Cuts and reforms
The reforms introduced by Margaret Thatcher aimed to shrink the welfare state, based on a belief that over-reliance on benefits would remove incentives for hard work and thereby weaken personal responsibility and encourage undeserving ‘scroungers’ to take advantage of hardworking taxpayers, and that an over-reaching state was undermining the capacity of the free market to operate efficiently and to deliver maximum levels of prosperity.
There are many problems with our welfare system, exposed and exacerbated by the COVID pandemic. Millions fall through the inadequate safety net. Benefit levels are below those in other rich countries, and are mostly less generous than in the past. Today’s system depends on a complex system of means-testing, a big shift from Beveridge’s principles of universalism and collectivism. It is not equipped to deal with current levels of uncertainty and turbulence, and is failing to prevent rising poverty.
Many of the most severe cuts have been introduced since 2010 as part of the austerity agenda. The House of Commons Library estimated in 2018 that by 2021, £37bn less will be spent on working-age social security compared with 2010, despite rising prices and living costs, representing a reduction of almost a quarter in spending on welfare benefits for the poorest families. Just under half the total savings were predicted to have come from the freezing of most working-age benefit levels since 2016.
Universal credit was first introduced in 2013, replacing Child Tax Credit, Housing Benefit, Income Support, income-based Jobseeker's Allowance (JSA), income-related Employment and Support Allowance (ESA), and Working Tax Credit. Several benefits still exist in addition to universal credit, namely child benefit, the state pension, council tax reduction, personal independence payment, disability living allowance, contribution-based JSA, and contribution-based ESA. The Resolution Foundation has written a useful overview of the changing size and shape of the British welfare system.
The philosophy underpinning the British welfare system has changed radically since 2010. The initial rationales for reform were to reduce overall expenditures and to promote employment as the principal ‘cure’ for poverty. But when large-scale poverty persisted despite a booming economy and very high levels of employment, the Government chose not to adjust course. Instead, it doubled down on a parallel agenda to reduce benefits by every means available, including constant reductions in benefit levels, ever-more-demanding conditions, harsher penalties, depersonalization, stigmatization, and virtually eliminating the option of using the legal system to vindicate rights. The basic message, delivered in the language of managerial efficiency and automation, is that almost any alternative will be more tolerable than seeking to obtain government benefits. This is a very far cry from any notion of a social contract, Beveridge model or otherwise, let alone of social human rights. As Thomas Hobbes observed long ago, such an approach condemns the least well off to lives that are ‘solitary, poor, nasty, brutish, and short’. As the British social contract slowly evaporates, Hobbes’ prediction risks becoming the new reality.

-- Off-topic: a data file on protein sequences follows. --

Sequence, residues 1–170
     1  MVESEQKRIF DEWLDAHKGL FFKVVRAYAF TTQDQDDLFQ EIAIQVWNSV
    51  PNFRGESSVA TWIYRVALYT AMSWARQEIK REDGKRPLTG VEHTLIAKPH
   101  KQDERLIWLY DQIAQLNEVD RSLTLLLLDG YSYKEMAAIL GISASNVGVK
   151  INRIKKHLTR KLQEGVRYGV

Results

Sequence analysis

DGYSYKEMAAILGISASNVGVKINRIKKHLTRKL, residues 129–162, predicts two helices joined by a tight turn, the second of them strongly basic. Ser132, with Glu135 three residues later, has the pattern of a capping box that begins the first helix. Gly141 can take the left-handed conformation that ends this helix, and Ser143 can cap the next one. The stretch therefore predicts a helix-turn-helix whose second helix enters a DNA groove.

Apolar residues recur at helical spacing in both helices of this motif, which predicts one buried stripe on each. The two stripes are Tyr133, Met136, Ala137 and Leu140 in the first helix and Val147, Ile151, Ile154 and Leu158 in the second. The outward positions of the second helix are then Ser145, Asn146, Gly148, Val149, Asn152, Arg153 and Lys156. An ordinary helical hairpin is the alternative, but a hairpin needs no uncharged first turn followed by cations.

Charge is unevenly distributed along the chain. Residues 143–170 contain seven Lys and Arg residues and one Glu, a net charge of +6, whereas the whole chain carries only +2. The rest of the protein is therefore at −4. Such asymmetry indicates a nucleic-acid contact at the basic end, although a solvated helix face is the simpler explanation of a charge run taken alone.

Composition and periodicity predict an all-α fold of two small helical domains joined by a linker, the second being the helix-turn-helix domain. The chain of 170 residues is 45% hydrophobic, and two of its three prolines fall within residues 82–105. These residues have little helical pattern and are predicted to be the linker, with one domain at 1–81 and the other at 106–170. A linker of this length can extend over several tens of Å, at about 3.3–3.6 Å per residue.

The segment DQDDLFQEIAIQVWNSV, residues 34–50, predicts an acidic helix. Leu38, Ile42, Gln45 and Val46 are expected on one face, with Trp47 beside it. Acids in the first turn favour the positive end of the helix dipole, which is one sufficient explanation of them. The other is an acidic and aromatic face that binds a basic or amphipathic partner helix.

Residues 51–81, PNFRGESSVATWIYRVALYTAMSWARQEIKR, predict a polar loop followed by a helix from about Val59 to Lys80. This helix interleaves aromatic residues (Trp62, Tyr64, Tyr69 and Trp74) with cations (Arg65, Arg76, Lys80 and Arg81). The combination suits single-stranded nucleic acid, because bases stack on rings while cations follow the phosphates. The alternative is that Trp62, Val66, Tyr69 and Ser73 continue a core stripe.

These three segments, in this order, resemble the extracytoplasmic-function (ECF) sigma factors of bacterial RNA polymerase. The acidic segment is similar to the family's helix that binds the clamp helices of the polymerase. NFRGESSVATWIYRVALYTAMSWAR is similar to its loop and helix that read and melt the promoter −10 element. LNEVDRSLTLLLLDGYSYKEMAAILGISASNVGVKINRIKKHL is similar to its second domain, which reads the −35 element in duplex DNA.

Philip Alston, United Nations Special Rapporteur on extreme poverty and human rights, 2018 statement on his visit to the UK
The consequences of this shrinkage of the welfare state in the last decade have hit the poorest hard. The New Economics Foundation estimated earlier this year that the poorest 20% of households, both in or out of work, were £750 a year (6%) worse off than in 2010, and that if the system inherited by the coalition government had been maintained, 1.5 million fewer people would be in poverty.
Reciprocity (the principle that benefits are either linked to contributions or come with responsibilities) is important for public support for collective social security, but the principle of entitlement to benefits has been undermined by a combination of inadequate support and coercion. Reciprocity is applied unfairly, in that many at the top of society are renumerated out of proportion to their contribution to society, while the poorest are othered, shamed, and forced to survive on a combination of, at best, inadequate benefits and low-paid and insecure work. The public debate around reciprocity centres on the idea that benefits should be linked to an obligation to look or prepare for employment, rather than on subsidising the lifestyles of ‘scroungers’, but it overlooks the point that reciprocity is the obligation to do one’s bit as part of a fair scheme of economic cooperation.
As Stuart White argues in the IFS Deaton Review: “Where the wider economy lacks fairness in its structures of opportunity and reward, the demand for work as reciprocity requires unfairly disadvantaged workers to work even though other, more advantaged citizens have not made good on their obligations to ensure fair opportunities and rewards. As a matter of fairness, we cannot impose one-sided obligations: there is a failure of reciprocity by the better-off as well. Consider, as an example, the effort to make cash benefits for disabled people more conditional on work-related activity. If the wider society is not making sufficient steps to address the injustices that disabled people face in employment, or legislates conditionality requirements that are not sensitive to the capacities of individual disabled people, then we have a one-sided application of reciprocity.”